Bishop's Norton from Sandhurst Hill
I met up with my friend Merv for this surprisingly rural walk not far north of Gloucester. We started at the small but pretty village of Bishop's Norton and climbed Sandhurst Hill (86m) to enjoy a panoramic view over the village to the east. The tower seems to be that of Norton Court. The view to the west was also extensive, but much too hazy to be worth a photo.
We followed the ridge along to Norton Hill and had a good view along the Severn over a hedgerow full of berries.
We descended to meet the river just by the Red Lion pub, which surprisingly has a caravan park attached. We followed the Severn Way through fields to reach Haw Bridge (1931) - the only point for many miles where the river can be crossed. This was the view back towards Norton Hill.
After an excellent lunch at the Haw Bridge Inn we continued on our grassy way, with some hills now appearing on our right.
At the next pub and caravan park combination we headed away from the river and uphill towards Apperley. It was noticeable how the mobile homes here were on stilt-like wooden frames to guard against flooding. The first thing we noticed when we reached the village was a pond complete with duck house, with the tower of the romanesque Holy Trinity church (1856) visible to the left. Had we strayed onto the property of some conservative MP?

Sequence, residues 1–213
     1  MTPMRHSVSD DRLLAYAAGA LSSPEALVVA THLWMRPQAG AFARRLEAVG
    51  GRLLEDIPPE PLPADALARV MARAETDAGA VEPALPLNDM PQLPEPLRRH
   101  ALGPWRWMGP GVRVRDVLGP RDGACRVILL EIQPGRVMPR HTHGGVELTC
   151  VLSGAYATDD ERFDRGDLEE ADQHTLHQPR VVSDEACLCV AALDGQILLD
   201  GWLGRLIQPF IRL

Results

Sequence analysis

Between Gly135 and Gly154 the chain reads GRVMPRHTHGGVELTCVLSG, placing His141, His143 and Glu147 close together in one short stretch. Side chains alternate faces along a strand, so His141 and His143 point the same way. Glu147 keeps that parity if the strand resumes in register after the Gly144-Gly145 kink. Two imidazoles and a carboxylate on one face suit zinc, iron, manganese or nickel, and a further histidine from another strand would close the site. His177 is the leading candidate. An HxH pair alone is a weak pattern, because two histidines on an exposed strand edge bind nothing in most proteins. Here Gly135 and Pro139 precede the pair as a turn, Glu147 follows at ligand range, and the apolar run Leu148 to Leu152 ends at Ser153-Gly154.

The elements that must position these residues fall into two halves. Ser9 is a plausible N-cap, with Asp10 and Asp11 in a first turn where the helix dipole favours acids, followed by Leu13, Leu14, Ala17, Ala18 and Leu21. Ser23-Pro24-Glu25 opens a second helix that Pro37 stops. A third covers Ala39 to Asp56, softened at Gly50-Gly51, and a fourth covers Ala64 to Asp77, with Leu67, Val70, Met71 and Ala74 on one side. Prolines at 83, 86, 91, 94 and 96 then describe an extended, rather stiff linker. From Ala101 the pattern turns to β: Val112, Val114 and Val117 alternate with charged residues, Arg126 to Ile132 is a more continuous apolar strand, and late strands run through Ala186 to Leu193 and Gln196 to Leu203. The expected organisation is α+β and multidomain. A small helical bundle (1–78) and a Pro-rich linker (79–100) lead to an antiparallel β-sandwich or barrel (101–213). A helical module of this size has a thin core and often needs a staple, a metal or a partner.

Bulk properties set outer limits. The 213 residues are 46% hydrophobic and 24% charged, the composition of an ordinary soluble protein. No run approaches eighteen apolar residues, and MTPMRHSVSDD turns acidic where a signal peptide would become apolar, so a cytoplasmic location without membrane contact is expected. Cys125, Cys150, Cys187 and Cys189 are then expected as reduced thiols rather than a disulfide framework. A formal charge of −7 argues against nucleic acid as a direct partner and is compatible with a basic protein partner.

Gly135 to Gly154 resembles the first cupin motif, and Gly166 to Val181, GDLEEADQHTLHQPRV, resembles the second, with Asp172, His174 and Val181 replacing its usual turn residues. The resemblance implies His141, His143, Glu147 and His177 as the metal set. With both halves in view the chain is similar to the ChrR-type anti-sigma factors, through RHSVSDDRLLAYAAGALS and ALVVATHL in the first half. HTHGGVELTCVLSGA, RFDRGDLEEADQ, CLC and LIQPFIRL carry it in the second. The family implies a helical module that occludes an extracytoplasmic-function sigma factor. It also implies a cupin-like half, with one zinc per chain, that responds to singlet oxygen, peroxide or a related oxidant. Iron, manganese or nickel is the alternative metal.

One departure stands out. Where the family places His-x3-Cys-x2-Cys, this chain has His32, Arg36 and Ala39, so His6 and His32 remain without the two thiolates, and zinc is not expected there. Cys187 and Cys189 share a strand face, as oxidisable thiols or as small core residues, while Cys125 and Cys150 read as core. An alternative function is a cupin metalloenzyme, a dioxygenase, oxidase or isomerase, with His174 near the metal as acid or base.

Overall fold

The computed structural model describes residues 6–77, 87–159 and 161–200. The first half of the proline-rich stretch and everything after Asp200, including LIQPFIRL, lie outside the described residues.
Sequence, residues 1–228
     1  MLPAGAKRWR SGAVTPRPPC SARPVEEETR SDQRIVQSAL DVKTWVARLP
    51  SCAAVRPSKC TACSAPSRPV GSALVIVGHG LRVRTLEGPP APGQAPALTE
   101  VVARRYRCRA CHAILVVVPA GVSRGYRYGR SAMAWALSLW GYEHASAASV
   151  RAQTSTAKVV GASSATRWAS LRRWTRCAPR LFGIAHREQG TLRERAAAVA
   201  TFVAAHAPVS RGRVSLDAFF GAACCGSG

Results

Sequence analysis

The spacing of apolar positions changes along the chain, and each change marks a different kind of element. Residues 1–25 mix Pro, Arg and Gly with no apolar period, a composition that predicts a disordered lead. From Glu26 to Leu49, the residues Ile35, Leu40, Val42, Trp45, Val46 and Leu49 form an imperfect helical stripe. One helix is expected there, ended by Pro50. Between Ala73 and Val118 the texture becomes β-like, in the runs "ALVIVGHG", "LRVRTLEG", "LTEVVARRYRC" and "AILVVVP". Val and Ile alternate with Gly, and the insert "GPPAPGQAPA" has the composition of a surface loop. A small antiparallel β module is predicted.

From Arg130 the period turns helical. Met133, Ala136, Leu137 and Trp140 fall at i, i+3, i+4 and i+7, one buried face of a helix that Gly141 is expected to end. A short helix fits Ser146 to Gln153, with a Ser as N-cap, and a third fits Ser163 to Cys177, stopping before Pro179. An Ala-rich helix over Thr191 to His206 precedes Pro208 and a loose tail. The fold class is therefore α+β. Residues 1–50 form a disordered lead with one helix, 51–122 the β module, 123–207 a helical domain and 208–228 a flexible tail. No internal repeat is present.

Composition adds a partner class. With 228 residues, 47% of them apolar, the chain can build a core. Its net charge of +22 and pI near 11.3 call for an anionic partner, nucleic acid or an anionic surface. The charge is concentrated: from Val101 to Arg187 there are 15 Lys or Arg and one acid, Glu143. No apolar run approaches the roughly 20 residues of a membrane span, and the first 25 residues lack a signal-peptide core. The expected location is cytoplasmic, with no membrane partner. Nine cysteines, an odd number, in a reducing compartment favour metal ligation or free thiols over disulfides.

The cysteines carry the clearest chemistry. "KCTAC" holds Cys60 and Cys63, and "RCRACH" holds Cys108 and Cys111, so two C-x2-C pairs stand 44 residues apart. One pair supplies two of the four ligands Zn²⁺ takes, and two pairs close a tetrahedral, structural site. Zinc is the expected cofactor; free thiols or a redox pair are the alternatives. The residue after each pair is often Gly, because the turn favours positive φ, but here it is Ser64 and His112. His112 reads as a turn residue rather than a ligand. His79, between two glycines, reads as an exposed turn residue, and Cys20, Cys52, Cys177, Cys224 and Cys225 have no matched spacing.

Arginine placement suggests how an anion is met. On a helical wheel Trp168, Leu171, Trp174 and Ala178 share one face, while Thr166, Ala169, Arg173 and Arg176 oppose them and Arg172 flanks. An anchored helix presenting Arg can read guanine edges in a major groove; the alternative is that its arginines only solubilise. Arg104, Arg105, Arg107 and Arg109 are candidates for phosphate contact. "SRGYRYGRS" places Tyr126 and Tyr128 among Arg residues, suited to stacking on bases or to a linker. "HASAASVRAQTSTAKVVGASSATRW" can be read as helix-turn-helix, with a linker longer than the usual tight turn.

Soon we passed Apperley Hall, a 16th century house apparently being very well restored. The gable on the left has a very worn finial which Pevsner says represents the badge of the Earl of Warwick (the bear and ragged staff). He doesn't explain why.
We headed south from Apperley to cross the Combe Hill Nature Reserve. This is named after the Combe Hill canal, long disused and now largely overgrown.
It runs from the Severn (we passed the point where it leaves earlier in the walk) to Combe Hill and was opened in 1796 and closed in 1876. It seems to have been a white elephant from the start, as it was intended to carry goods to Cheltenham, but stopped five miles short. This seems a fairly serious failure of planning.
We walked along a track to Leigh, aiming for the unusual yellow stone tower of St Catherine's church. The oldest parts of the church are 13th century.
The gravestones seemed to be blowing in the wind.
Further field paths brought us back to Bishop's Norton.
Conditions: quite warm, but often hazy and grey.
Distance: 8 miles.
Map: Explorer 179 (Gloucester, Cheltenham and Stroud)
Rating: four stars.